Friday May 08, 2009

Oracle VM Blog: Basics of Oracle VM

I'd like to cover some basics about Oracle VM, what's the difference between Oracle VM and RHEL Xen and how it's related to the open source Xen hypervisor.

Oracle VM ( is Oracle's server virtualization and management solution for x86/x86-64 platforms. The components of Oracle VM are Oracle VM Manager and Oracle VM Server.

* Oracle VM Manager: Provides the web based user interface to manage Server Pools, Oracle VM Servers, virtual machines, and resources. Oracle VM Manager not only provides life cycle management of virtual machines such as creating and configuring guest VMs, but also performs advanced functionality to load balance across resource pools and automatically reduce or eliminate outages associated with server downtime.

* Oracle VM Server: A self-contained virtualization environment designed to provide a lightweight, secure, server-based platform for running virtual machines. Oracle VM Server is based on open source technology (Xen hypervisor for example) tailored by Oracle, and includes Oracle VM Agent to communicate with Oracle VM Manager for management of virtual machines. Oracle VM Server is installed on bare metal server hardware.


Although Oracle VM server uses the Xen hypervisor, it's not the same as the one used in RHEL Xen. Similarly, both RHEL and SLES use the Linux kernel, but you won't say that one is repackaged from the other. Our development team compared the Xen source code between RHEL 5.2 Xen (3.1.0+ patches) and Oracle VM Server 2.1.2 (Xen 3.1.4), the diff file is 1.6MB, or 48,880 lines of code. It's not just a set of bug fixes or patches, there are big differences in what's actually deployed.

From a deployment perspective, multiple Oracle VM Servers are grouped into Server Pools in which every server in a given pool has access to shared storage, which can be NFS, SAN (Fibre Channel) or iSCSI storage. This allows VMs associated with the pool to start and run on any physical server within the pool that is available and has the most resources free. Given the uniform access to shared storage, VMs may also be securely Live Migrated or automatically (re-)started across any servers in the pool. The underlying core technology to form a server pool is the OCFS2 that Oracle developed and contributed to the Linux community, and accepted into Linux kernel 2.6.16. Obviously it's different in how the server pool is implemented in RHEL Xen or other Xen based solutions.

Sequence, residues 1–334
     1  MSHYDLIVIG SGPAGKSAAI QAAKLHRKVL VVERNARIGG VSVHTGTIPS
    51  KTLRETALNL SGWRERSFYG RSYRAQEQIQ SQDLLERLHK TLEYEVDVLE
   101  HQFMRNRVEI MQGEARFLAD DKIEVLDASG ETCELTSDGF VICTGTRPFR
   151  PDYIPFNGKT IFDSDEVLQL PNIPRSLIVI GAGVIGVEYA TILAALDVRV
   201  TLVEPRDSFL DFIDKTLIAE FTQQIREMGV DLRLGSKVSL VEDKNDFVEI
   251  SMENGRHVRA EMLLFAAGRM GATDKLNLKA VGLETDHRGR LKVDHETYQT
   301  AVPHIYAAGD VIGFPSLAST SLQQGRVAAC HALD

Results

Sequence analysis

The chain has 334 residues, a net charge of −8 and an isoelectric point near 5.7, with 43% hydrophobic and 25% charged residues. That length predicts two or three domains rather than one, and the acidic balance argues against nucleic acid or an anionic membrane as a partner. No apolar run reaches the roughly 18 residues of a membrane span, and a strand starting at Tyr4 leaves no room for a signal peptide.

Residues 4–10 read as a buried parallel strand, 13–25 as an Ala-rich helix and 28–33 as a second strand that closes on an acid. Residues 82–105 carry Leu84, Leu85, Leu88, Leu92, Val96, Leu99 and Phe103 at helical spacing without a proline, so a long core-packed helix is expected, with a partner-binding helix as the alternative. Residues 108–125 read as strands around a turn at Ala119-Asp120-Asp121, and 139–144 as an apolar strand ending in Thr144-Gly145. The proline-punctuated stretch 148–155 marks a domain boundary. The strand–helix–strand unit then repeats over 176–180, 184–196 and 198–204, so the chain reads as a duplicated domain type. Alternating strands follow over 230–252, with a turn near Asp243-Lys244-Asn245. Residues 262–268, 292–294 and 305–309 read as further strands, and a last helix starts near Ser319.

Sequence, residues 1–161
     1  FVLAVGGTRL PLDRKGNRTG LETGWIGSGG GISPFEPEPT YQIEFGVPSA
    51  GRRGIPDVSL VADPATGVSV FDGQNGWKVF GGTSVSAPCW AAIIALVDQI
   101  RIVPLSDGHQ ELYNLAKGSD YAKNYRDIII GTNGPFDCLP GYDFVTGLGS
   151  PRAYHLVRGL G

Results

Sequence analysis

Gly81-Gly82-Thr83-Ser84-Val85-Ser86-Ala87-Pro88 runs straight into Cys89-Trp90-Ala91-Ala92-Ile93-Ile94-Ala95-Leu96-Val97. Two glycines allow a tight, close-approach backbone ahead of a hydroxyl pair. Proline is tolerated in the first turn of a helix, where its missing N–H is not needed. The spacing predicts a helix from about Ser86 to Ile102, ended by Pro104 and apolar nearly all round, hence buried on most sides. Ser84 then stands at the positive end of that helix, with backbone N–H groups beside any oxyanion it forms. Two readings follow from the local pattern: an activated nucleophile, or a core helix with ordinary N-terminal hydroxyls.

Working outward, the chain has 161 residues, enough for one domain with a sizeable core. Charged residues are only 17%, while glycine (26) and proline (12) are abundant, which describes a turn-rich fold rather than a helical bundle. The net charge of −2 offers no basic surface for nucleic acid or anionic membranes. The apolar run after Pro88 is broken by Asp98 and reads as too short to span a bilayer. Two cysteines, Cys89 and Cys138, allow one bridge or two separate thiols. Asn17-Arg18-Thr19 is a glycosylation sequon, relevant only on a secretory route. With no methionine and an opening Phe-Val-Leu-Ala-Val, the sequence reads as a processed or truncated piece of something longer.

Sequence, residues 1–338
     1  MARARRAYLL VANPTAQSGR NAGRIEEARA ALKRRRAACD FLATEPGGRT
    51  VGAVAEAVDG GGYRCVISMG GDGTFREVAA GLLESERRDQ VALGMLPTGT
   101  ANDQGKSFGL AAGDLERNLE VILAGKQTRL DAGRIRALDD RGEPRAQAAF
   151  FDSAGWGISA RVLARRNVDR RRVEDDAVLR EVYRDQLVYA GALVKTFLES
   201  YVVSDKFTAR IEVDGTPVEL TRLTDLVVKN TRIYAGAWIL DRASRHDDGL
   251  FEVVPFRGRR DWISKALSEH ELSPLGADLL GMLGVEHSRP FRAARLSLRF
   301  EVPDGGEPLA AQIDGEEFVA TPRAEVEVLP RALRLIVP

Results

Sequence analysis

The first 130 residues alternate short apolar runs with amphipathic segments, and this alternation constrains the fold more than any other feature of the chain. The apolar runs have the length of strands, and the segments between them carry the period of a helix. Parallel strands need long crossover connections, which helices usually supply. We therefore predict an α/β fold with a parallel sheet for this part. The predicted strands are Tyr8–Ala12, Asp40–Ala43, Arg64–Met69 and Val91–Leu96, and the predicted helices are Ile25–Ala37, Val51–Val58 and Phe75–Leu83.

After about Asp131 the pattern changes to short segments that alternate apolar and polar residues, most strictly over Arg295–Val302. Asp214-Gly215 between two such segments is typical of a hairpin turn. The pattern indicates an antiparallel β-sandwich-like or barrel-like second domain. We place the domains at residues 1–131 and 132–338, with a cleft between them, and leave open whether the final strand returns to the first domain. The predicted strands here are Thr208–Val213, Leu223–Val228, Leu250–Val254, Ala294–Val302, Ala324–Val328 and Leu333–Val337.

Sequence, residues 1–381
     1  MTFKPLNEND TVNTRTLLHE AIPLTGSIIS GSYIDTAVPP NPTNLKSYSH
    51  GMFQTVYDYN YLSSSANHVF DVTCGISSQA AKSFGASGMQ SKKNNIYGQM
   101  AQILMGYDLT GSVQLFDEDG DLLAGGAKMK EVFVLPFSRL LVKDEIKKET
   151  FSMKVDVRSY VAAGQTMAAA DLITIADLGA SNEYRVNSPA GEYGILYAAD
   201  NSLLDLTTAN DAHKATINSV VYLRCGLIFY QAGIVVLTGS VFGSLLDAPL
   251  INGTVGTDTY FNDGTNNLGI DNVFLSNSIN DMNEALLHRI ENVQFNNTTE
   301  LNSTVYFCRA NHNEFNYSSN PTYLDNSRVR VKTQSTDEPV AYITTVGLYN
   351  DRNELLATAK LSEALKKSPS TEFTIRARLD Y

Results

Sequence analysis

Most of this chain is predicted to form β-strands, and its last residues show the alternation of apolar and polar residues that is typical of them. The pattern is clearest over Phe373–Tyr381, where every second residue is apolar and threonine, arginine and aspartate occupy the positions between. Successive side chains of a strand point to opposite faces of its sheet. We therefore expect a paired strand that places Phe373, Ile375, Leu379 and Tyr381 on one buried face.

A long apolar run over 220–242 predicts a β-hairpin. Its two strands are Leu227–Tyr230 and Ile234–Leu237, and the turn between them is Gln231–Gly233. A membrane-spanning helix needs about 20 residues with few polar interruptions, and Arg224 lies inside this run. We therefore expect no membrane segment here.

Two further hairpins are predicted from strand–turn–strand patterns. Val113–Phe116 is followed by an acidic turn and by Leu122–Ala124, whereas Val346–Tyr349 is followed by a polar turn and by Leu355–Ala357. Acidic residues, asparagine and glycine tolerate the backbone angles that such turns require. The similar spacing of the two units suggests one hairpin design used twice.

Oracle is a member of the Xen Advisory Board which serves in an advisory capacity to the Xen project leader for all community and development activities as well as management for the Xen trademark. Oracle's Linux and Oracle VM engineering team contributes heavily to feature development of Xen mainline software. The most significant contributions are in the area of hardware virtualized timers, guest and hypervisor debugger and bugfixes, transcendent memory, SSL live migration and xend locking, as well as participation in XenAPI changes; Oracle is also working on Windows Paravirtualized drivers. The Oracle QA team also provides stabilization efforts through testing Xen configurations with Oracle workloads and Oracle Enterprise Linux kernels.

See additional resources:

* Oracle's technical contributions to Linux and open source communities
* May 2009, OTN TechCast Linux Engineering Update with Wim Coekaerts: Part 2 - Virtualizing the Oracle Stack (8 minutes)
* May 2009, OTN TechCast Linux Engineering Update with Wim Coekaerts, Part 1 - Linux Kernel Development at Oracle (8 minutes)

Thursday May 07, 2009

Oracle VM: A Peek Into the Future

I haven't been blogging the last couple of weeks as I've had some internal deadlines, but luckily you've seen some good content from others on the Oracle VM team, including Honglin's entries below.

This time, I want to call your attention to a couple more blog entries from the team that are on another blog - this time the blog of my boss Wim Coekaerts, VP of Linux and Virtualization Engineering where he talks about some Oracle VM (or closely related...) projects that are particularly cool, namely our up-coming management CLI and webservices API, but also the OCFS2 "Reflink" project. Reflink is generically extremely useful for about any application, but is also intended to benefit Oracle VM in particular in expected up-coming releases.